X-ray of radium needles in breast cancer treatment

X-ray of radium needles in breast cancer treatment

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This image is part of the feature 10 Women Scientists Who Changed The World
This image is part of the feature Marie Curie Anniversary

Credit: SCIENCE PHOTO LIBRARY

Caption: Radium therapy. Chest X-ray of a woman with breast cancer receiving radiotherapy from implanted radium needles in 1929. Her ribs are visible as grey bands. In this technique around 40 needles (black) were placed into the cancerous areas of the breast. Each needle emitted radiation into the surrounding tissue, giving a total dose of over 16,000 milligram-hours of radium. The small grey circles are identification beads attached to the needles by thread. In radiotherapy, ionising radiation is targeted on or placed in cancerous tissue, destroying the cells or stopping further cancer development. Radium was discovered by the French scientists Marie and Pierre Curie in 1898.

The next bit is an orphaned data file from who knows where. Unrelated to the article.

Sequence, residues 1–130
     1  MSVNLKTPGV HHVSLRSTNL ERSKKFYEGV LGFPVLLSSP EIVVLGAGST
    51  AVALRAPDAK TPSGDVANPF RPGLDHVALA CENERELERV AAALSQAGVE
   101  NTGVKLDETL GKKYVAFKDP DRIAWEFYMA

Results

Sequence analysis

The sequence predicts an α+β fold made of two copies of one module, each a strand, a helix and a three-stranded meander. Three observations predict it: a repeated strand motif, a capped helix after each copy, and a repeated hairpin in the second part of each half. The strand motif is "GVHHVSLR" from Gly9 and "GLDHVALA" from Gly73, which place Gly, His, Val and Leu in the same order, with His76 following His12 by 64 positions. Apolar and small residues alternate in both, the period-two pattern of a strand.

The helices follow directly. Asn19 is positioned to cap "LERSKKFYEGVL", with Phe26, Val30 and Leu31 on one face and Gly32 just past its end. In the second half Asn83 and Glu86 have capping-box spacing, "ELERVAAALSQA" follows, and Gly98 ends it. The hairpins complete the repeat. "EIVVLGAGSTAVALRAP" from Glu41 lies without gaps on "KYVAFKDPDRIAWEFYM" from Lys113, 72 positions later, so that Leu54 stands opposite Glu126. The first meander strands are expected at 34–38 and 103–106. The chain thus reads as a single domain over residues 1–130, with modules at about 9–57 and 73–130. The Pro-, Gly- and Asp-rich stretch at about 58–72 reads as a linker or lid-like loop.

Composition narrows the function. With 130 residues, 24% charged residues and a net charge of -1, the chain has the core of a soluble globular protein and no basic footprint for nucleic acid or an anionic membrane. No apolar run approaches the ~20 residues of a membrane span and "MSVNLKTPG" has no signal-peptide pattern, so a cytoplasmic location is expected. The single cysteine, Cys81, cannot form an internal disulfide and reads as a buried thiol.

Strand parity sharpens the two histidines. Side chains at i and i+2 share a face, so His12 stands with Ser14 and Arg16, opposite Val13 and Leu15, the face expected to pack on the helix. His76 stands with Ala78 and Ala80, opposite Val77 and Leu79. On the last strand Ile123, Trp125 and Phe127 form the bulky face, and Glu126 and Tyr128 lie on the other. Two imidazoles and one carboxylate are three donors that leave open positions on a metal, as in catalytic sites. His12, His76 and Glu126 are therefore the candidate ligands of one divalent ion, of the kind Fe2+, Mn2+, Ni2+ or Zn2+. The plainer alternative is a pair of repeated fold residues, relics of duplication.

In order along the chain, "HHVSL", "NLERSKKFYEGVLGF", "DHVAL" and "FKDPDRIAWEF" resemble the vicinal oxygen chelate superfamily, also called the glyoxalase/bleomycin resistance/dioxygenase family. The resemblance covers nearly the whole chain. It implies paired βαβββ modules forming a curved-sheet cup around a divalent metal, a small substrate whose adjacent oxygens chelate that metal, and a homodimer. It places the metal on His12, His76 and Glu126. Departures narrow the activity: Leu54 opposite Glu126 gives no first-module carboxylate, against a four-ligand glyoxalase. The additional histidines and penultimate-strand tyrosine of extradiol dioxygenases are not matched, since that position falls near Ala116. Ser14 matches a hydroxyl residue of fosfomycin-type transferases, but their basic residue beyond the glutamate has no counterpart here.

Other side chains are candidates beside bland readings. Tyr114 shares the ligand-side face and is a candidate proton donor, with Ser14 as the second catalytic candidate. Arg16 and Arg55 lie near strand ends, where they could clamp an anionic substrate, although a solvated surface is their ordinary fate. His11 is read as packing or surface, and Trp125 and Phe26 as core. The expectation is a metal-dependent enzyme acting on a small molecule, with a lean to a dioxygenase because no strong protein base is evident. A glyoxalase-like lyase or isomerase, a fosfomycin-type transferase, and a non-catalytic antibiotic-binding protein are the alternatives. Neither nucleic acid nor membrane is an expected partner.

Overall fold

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Keywords: breast cancer, cancer, cancer treatm, cancer treatme, cancer treatment, healthcare, historical image, history, medical, medical use, medicine, needle, radiotherapy, radium, radium needl, radium needles, radium therapy, therapy, treatment, xray

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